Head injuries may involve the scalp, the skull, the brain or its protective membranes.This page from Great Ormond Street Hospital (GOSH) explains the effects that a head injury can have on a child. It also sets out the treatment and care of any complications following a head injury.
Infantile neuroaxonal dystrophy (INAD) is a rare inherited disorder affecting the nerve axons (which are responsible for conducting messages) in the brain and other parts of the body, causing a progressive loss of vision and of physical and mental skills.
Megalencephalic leukoencephalopathy with subcortical cysts (MLC1) is a very rare disorder affecting the ‘white matter’ of the brain, often leading to progressive loss of physical, and sometimes mental, skills over very many years.
This page from Great Ormond Street Hospital (GOSH) explains the neurological condition Vein of Galen Malformation (VGM). It aims to help understanding the condition, how it can be treated and what to expect when a child is admitted to GOSH.
In early development, the brain and spinal cord start as a tube-like structure called the ‘neural tube’ that is open at either end. These openings close within the first weeks of pregnancy, and the neural tube continues to grow and fold, eventually forming the brain and spinal cord.
Myelomeningocele is a type of spina bifida. This is when the neural tube has failed to close and the neural tissue is exposed on the baby’s back. The myelomeningocele will look like a sac sticking out from a baby’s back.
Cerebrospinal fluid (CSF) is a watery liquid that surrounds the brain and spinal cord, acting as a ‘cushion’. It also supplies nutrients to the brain. Hydrocephalus occurs when either too much CSF is produced (very rare), or when it is stopped from circulating or being re-absorbed. The CSF builds up within the ventricles (cavities) of the brain resulting in increased pressure on the brain. In babies, this also causes the head to enlarge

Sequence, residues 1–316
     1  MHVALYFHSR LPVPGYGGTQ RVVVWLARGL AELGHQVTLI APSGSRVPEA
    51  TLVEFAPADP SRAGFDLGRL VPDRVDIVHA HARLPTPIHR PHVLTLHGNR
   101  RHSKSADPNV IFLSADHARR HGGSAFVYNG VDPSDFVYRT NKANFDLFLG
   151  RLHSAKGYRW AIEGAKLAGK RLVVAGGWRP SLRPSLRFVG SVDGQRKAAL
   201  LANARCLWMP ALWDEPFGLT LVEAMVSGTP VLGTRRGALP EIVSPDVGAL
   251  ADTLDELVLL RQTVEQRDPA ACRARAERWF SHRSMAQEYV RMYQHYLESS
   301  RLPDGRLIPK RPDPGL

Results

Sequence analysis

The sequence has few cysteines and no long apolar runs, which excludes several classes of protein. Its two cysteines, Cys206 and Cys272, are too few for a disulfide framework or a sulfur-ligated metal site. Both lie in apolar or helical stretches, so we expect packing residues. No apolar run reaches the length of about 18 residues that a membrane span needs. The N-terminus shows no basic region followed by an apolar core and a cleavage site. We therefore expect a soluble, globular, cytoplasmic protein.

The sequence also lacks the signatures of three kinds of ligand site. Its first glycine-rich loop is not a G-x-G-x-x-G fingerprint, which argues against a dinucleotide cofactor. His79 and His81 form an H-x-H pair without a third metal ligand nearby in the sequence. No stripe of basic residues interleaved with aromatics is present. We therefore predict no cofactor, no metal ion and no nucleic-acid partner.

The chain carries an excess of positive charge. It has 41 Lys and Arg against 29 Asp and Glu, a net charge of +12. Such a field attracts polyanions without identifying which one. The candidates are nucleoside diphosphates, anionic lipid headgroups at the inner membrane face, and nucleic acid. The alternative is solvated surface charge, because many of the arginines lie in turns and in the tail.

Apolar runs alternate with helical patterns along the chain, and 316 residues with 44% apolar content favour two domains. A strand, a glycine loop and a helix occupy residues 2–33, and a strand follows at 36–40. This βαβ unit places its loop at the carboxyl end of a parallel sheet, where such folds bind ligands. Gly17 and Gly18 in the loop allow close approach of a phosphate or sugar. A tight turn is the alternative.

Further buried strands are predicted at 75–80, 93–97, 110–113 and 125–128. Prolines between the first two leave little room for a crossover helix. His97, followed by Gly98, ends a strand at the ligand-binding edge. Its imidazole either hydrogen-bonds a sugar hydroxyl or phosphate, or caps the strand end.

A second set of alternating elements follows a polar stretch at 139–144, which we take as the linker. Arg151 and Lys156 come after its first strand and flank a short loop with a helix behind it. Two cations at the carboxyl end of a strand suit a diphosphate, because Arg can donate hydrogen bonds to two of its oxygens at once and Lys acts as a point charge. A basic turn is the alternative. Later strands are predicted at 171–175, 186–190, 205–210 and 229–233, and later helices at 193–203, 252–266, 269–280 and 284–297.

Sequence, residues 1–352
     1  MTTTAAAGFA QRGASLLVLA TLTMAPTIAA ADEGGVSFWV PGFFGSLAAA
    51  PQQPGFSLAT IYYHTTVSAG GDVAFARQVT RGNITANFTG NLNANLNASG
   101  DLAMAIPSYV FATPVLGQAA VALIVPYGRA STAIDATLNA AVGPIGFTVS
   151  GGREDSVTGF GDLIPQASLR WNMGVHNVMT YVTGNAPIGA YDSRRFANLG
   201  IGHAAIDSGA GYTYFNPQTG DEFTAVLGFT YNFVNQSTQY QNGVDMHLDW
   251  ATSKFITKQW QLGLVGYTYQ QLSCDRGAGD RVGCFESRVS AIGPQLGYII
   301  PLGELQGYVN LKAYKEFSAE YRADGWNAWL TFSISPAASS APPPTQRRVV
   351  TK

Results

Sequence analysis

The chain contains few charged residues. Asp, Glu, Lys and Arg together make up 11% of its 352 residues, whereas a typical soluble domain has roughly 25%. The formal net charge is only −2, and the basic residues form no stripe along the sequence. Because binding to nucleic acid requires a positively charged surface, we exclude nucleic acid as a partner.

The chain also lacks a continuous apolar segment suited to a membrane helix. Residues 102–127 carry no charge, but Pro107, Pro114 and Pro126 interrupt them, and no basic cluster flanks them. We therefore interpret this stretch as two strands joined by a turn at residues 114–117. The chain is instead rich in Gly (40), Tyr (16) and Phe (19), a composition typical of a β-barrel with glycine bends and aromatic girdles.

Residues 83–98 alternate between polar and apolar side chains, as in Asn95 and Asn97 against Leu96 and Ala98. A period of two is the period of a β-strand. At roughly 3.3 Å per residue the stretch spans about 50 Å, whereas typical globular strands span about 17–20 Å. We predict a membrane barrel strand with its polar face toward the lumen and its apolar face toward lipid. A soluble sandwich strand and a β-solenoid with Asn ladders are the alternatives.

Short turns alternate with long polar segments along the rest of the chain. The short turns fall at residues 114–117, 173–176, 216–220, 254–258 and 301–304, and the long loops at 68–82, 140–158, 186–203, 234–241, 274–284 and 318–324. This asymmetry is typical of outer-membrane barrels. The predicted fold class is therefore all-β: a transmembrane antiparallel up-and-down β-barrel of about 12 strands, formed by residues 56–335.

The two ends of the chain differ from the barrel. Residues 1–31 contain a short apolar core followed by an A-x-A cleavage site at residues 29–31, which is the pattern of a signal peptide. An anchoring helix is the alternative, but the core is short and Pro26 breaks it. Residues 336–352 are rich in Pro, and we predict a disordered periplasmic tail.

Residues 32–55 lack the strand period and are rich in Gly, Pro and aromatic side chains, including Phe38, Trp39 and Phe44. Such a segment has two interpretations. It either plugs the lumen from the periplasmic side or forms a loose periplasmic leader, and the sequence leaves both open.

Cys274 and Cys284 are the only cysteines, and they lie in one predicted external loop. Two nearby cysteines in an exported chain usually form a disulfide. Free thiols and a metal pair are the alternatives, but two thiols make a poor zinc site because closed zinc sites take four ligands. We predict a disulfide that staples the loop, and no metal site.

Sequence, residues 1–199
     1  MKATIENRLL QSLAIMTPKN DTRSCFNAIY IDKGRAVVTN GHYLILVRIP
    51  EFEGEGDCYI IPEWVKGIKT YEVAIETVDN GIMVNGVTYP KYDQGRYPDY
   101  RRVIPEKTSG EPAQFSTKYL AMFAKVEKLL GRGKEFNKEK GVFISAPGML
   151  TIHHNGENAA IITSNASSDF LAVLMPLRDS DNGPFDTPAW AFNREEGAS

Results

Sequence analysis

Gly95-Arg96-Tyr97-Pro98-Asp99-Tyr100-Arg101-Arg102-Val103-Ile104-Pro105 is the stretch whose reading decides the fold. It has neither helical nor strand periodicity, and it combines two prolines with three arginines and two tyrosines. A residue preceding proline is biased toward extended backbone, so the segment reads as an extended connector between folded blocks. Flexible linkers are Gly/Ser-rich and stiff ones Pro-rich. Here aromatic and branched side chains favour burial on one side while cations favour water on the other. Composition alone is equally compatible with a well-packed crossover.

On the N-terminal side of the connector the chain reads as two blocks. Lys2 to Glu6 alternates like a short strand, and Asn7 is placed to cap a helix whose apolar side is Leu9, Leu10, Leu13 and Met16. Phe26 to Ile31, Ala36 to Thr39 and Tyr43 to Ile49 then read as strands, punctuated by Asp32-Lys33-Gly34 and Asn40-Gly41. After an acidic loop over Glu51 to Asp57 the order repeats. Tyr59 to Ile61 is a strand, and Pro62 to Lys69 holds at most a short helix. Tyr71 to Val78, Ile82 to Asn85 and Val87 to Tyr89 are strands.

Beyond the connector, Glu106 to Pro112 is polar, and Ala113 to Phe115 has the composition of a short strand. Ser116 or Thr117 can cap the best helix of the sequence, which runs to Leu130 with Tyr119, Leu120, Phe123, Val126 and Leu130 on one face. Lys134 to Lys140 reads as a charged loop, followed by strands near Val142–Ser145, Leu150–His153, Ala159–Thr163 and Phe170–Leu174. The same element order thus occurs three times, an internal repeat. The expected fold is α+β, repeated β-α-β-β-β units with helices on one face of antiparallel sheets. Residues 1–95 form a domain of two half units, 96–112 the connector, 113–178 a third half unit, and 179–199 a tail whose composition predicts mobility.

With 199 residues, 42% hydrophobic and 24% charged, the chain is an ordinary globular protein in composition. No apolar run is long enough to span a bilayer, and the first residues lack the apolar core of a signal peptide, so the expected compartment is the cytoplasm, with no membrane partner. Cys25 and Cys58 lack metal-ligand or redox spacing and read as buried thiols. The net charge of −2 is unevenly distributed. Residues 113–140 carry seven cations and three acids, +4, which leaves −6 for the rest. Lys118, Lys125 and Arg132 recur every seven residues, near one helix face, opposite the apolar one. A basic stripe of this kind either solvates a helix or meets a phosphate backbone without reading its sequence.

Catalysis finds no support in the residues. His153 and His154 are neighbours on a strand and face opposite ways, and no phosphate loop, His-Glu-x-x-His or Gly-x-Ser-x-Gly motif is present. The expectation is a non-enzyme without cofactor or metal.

In the womb, the retina (the light sensitive surface at the back of the eye that converts images into nerve signals that the brain understands) develops slowly and the retinal blood vessels often only complete growing by the end of gestation. If a child is born prematurely these blood vessels can grow abnormally causing damage to the retina and of course vision. This is called retinopathy of prematurity.
Optic neuritis (ON) is an attack of inflammation (swelling) of the optic nerve. The optic nerve is important in sending information from the eye to the brain about what we are seeing. ON is caused by the body’s immune system becoming mis-programmed and activating immune cells to attack the healthy myelin covering the optic nerve.